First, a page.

Chaos is the science of surprises - it is learning to expect the unexpected. While most traditional
science deals with supposedly predictable phenomena like gravity, electricity, or chemical reactions,
Chaos Theory deals with nonlinear things that are effectively impossible to predict or control, like turbulence, weather,
the stock market, our brain states, and so on. These phenomena are often described by fractal mathematics,
which captures the infinite complexity of nature. Many natural objects exhibit fractal properties, including landscapes, clouds,
trees, organs, rivers etc, and many of the systems in which we live exhibit complex, chaotic behavior. Recognizing
the chaotic, fractal nature of our world can give us new insight, power, and wisdom.
For example, by understanding the chaotic dynamics of the atmosphere, a balloon pilot can "steer" a balloon
to a desired location. By understanding that our ecosystems are unpredictably interconnected, we can hope to
avoid actions which may end up being detrimental to our long-term well-being.
- The Butterfly Effect:
This effect grants the power to cause a hurricane in China to a butterfly flapping its wings in New Mexico. It may take a very long
time, but the connection is real. If the butterfly had not flapped its wings at just the right point in space/time, the hurricane would not have happened.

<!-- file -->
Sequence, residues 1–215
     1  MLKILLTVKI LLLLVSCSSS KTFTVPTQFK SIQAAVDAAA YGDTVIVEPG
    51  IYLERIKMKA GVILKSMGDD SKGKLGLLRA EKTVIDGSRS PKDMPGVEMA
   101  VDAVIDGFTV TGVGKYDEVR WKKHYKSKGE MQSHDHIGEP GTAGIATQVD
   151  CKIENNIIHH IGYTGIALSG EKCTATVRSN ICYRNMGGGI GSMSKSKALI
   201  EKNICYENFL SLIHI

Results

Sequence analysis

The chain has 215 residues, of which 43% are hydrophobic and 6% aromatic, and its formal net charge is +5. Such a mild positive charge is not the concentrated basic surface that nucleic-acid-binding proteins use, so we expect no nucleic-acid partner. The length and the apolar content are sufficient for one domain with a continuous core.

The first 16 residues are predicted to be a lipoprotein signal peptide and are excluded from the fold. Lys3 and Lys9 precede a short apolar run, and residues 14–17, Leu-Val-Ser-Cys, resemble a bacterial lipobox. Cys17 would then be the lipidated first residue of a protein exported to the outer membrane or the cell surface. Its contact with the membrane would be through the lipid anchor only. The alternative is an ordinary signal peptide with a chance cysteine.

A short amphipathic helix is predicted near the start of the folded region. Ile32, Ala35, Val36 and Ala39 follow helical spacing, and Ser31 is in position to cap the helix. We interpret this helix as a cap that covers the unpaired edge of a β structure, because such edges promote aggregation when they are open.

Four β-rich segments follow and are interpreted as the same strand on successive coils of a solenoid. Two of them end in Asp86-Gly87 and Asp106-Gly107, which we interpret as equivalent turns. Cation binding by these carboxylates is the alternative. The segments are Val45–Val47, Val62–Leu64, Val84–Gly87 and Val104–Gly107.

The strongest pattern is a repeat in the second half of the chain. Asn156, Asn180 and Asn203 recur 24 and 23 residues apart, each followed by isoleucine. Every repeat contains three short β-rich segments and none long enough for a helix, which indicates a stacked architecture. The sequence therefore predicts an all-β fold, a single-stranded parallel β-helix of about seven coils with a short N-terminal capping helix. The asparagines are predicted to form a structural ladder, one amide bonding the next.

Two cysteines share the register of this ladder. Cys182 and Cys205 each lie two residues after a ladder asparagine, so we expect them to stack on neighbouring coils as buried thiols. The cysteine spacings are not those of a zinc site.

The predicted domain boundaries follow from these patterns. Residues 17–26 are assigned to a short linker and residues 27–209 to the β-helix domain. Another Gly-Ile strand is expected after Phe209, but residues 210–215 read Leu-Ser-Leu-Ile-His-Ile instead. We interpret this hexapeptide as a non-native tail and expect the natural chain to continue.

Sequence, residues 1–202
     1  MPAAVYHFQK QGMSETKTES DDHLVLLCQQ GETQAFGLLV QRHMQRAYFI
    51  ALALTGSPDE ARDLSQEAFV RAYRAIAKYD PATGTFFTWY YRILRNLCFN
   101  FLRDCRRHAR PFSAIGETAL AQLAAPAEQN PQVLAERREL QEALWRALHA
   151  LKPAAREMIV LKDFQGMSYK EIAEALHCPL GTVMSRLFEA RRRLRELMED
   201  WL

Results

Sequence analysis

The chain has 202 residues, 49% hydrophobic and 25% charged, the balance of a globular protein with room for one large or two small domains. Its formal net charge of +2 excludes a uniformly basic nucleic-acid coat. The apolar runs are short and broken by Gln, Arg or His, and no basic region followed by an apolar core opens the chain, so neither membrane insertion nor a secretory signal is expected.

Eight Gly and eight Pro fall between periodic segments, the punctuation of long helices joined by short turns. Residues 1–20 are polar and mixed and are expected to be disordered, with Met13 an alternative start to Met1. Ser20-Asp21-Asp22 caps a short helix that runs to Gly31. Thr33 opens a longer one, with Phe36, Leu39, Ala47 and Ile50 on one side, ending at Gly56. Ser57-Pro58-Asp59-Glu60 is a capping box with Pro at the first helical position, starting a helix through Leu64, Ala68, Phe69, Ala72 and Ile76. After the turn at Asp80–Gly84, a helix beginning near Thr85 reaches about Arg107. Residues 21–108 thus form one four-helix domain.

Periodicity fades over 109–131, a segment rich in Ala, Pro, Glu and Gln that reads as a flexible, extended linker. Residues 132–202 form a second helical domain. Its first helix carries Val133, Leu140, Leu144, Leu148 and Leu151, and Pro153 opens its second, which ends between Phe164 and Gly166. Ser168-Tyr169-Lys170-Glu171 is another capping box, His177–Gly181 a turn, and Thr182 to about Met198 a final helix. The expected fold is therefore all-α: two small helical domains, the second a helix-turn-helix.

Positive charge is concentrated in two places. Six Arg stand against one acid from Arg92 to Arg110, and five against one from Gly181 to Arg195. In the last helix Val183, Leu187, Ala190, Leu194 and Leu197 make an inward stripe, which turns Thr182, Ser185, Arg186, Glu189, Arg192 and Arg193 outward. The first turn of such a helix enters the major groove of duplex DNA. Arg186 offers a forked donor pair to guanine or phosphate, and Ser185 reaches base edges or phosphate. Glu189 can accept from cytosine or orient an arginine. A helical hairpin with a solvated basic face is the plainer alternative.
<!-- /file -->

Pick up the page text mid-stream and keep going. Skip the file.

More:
A more rigorous way to express this is that small changes in the initial conditions lead to drastic changes in the results.
Our lives are an ongoing demonstration of this principle. Who knows what the long-term effects of teaching millions of kids about
chaos and fractals will be?
Because we can never know all the initial conditions of a complex system in sufficient (i.e. perfect) detail, we cannot
hope to predict the ultimate fate of a complex system. Even slight errors in measuring the state of a system will be
amplified dramatically, rendering any prediction useless. Since it is impossible to measure the
effects of all the butterflies (etc) in the World, accurate long-range weather prediction will always remain impossible.
Turbulence ensures that two adjacent points in a complex system will eventually end up in very different positions after some time has elapsed.
Examples: Two neighboring water molecules may end up in different parts of the ocean or even in different oceans.
A group of helium balloons that launch together will eventually land in drastically different places.
Mixing is thorough because turbulence occurs at all scales. It is also nonlinear: fluids cannot be unmixed.
Systems often become chaotic when there is feedback present. A good example is the behavior of the stock market.
As the value of a stock rises or falls, people are inclined to buy or sell that stock.
This in turn further affects the price of the stock, causing it to rise or fall chaotically.
Fractals are infinitely complex patterns that are that are self-similar across different scales.
They are created by repeating a simple process over and over in an ongoing feedback loop.
Fractals can be thought of as the images of chaos. Geometrically, they exist in between our familiar dimensions.
"As far as the laws of mathematics refer to reality, they are not certain, and as far as they are certain,
they do not refer to reality."